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RISC-V Summit 2020 Recap

By January 28, 2021No Comments

This blog originally ran on the Antmicro website. For more blogs and articles like this one, visit

The virtual RISC-V Summit on December 8-10, 2020 put a spotlight on a range of interesting, real-life use cases and implementations of the groundbreaking open source processor architecture, with a number of informative talks to be given by thought leaders who will be sharing their ideas, goals and achievements within the area of RISC-V system design and tooling. Antmicro’s activity in this space hasn’t slowed down, and, as a Strategic Founding Member of RISC-V International, we featured a diverse range of RISC-V-related services, participated a keynote session that included our partners and RISC-V International members, and gave talks describing our efforts aimed at improving the RISC-V tooling ecosystem.

On December 8, Antmicro’s Michael Gielda moderated the keynote session entitled “Building an Open Edge Machine Learning Ecosystem with RISC-V, Zephyr, TensorFlow Lite Micro and Renode”, that also featured Google’s Tim Ansell, QuickLogic’s Brian Faith and the Linux Foundation’s Kate Stewart.  The discussion revolved around a number of technologies we are integrating to push ML on RISC-V forward, and how to create testable and measureable development flows using Renode.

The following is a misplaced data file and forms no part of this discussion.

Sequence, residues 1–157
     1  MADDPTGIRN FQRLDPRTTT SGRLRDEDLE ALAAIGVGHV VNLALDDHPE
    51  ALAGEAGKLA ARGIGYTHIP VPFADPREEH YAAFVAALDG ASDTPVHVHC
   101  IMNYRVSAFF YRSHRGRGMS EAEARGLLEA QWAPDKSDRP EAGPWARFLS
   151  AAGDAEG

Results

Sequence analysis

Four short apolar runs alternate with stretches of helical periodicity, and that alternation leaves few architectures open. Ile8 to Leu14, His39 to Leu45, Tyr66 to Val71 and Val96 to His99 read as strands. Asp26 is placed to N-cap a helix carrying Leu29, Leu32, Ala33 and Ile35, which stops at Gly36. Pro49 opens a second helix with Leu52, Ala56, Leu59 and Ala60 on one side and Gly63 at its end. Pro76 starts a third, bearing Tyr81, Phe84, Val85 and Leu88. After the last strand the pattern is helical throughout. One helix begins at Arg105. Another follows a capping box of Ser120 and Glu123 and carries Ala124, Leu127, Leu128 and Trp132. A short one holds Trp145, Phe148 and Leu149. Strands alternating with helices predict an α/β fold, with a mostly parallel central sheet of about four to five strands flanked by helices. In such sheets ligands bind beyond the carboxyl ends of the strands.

RISC-V Summit keynote

Also, Antmicro’s tech leads gave two talks describing our efforts focusing on building an open source SystemVerilog ecosystem and explaining how Renode can be used with LiteX to enable a modular approach to system design. If you attended RISC-V Summit but missed these sessions, all presentations are available on-demand on the conference platform until March 12, 2021. If you didn’t attend the conference, stay tuned. The videos will be posted on the RISC-V Youtube Channel shortly after the platform closes.

Wide-ranging RISC-V efforts

For the past year, we’ve been working on a large number of RISC-V based projects, using the ISA to build various practical systems, as well as developing open source tools, IP and integrations to enhance the ecosystem.

One of the areas where RISC-V has been delivering great results is TinyML, where the ability to customize the architecture and build AI-optimized CPUs without having to acquire an ISA license has been spurring incredible innovations around the globe. In collaboration with Google we have been helping to port TensorFlow Lite Micro onto RISC-V and make it work with new platforms, as well as building dedicated Continuous Integration infrastructure using our open source simulator for system design and testing, Renode. It’s an exciting development that demonstrates RISC-V as a robust base for TinyML applications, with Renode providing a flexible system development environment.

Earlier this year, we had used an excellent RISC-V implementation called VexRiscv to showcase TF Lite running on an FPGA, and we are pursuing multiple projects related to open source AI acceleration on FPGA which is a very promising field, especially given our involvement with open source FPGA tooling which can be used to co-develop AI capabilities between hardware and software.